The other  morning I heard a disturbing report about people asking friends, family and strangers to fund their weddings through a certain crowdfunding site.  And now we have people pouring water on each other all in the name of fundraising.

It is madness I tell you.  Simply madness.

Or is it?

As a proud professional who works in the nonprofit industry, I am thrilled  fundraising is making headlines.  Because of this, ALS has 71,000 new donors.

So why is this new wave of fundraising fraught with fear?

Because people raising money for their wedding is not the same thing as raising money for your charity.  Because you want to be able to control your brand, your message, your image.  Because it’s just not the way it is DONE.

Someone very wise said to me that the next great fundraising idea is not in your board room.  It is in the playroom,  backyard barbecues,  bunco parties,  wine tastings. It’s in the crowd that dares to fundraise for you.

And believe me, if you don’t want their money, they will raise money for someone else.  They want to raise money for the causes that they care about and they will find a way.

As a professional in nonprofit management, what do you do?

Step 1 – Have a good partner

Blackbaud of course has a lot of good options to facilitate do-it-yourself campaigns and our newest service, everydayhero, is an excellent option.  The key is accountability.  Just because I say I’m going to jump in an ice cold Jacuzzi, doesn’t mean I did.  Nor does it mean that I made the donation that I promised.  A good technology partner can help you track the results of these campaigns and help make them successful.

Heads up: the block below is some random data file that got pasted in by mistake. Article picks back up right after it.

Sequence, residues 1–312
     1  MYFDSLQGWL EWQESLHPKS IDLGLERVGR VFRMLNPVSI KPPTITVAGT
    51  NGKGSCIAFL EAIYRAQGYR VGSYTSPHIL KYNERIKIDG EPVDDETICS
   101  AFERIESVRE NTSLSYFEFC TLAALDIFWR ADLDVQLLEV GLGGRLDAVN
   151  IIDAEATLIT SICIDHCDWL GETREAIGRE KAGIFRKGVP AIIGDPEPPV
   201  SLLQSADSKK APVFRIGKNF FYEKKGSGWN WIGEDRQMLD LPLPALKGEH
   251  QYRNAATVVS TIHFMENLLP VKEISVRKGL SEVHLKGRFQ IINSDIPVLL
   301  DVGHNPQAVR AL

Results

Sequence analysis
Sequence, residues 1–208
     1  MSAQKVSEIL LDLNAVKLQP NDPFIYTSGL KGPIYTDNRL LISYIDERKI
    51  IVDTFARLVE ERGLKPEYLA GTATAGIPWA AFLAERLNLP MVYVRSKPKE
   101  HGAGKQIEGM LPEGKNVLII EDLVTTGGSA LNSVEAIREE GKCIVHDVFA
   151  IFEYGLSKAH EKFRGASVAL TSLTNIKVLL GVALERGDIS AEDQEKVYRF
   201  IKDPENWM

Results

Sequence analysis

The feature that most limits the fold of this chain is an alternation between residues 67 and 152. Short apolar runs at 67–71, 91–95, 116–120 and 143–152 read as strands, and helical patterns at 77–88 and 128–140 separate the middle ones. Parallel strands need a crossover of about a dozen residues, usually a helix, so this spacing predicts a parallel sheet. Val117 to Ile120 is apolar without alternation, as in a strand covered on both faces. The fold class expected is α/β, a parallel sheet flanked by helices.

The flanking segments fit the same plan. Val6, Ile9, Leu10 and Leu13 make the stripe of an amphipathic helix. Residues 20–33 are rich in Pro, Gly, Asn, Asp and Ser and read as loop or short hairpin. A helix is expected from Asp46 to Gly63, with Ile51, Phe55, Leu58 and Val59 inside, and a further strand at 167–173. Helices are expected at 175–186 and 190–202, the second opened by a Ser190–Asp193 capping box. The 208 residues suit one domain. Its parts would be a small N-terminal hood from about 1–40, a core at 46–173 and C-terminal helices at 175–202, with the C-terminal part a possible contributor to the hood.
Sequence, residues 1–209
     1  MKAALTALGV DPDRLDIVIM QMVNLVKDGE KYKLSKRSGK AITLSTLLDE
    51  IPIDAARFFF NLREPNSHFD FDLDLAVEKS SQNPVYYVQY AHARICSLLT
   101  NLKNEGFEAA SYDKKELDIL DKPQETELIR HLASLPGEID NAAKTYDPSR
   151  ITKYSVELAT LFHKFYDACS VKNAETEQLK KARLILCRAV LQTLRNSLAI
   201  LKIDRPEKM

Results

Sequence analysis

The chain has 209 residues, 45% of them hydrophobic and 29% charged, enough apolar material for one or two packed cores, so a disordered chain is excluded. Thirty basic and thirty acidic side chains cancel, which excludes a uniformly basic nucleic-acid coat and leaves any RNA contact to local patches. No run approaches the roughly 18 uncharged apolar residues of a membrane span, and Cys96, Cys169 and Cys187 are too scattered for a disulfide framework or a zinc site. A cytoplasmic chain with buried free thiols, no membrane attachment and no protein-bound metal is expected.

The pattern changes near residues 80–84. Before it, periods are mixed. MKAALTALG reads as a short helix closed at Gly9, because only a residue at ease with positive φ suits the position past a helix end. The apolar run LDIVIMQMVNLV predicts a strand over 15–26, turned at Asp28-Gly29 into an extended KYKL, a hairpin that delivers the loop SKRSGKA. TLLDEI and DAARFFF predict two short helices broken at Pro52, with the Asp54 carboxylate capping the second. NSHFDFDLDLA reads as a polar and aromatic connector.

Step 2 – Set policy

Some folks just don’t know the rules.  And that’s okay because you do.  At the board level, understand what is permissible and what actions to take if something doesn’t fit your mission.  A drunk fest for a recovery session?  Probably a bad idea.

Step 3 – Be open to new ideas

A lot of nonprofits are closing their eyes to the potential and by time they get on board, a new trend may have surfaced.  The industry is changing.  Social media makes all things possible but it moves very quickly.  Be prepared and embrace the change.

Step 4 – Be informed

My friend Dan has been following this latest trend with great interest.  On NPR, a high ranking nonprofit executive was confused about a campaign that had gone viral for their charity.  Don’t let that happen to you.  Dedicate a short period of every development report for a social media briefing.  Crowdfunding campaigns start as a whisper but can quickly become a roar.

Crowdfunding is nothing new.  The money dance has been contributing to the coffers of young married couples for decades.  As a nonprofit leader, you want to be in front of the conversation.  Not hiding behind the door.  Have fun with it.

ABOUT THE AUTHOR

Debbi Stanley is manager of the Blackbaud client success team. As certified fundraising executive, Debbi has raised more than $15 million for nonprofit agencies and is a recognized expert in strategic, succession and resource development planning. During her nonprofit career, she served in many positions including development director for health and human services agencies and she was a successful consultant teaching nonprofits approaches to organizational development that properly leverage resources for project sustainability. Her expertise in situational leadership and her knowledge of funding strategies has helped hundreds of nonprofits do more for their communities. An avid fan, Debbi is blessed to have two sons who are great athletes at both forms of football – the American and the International version.

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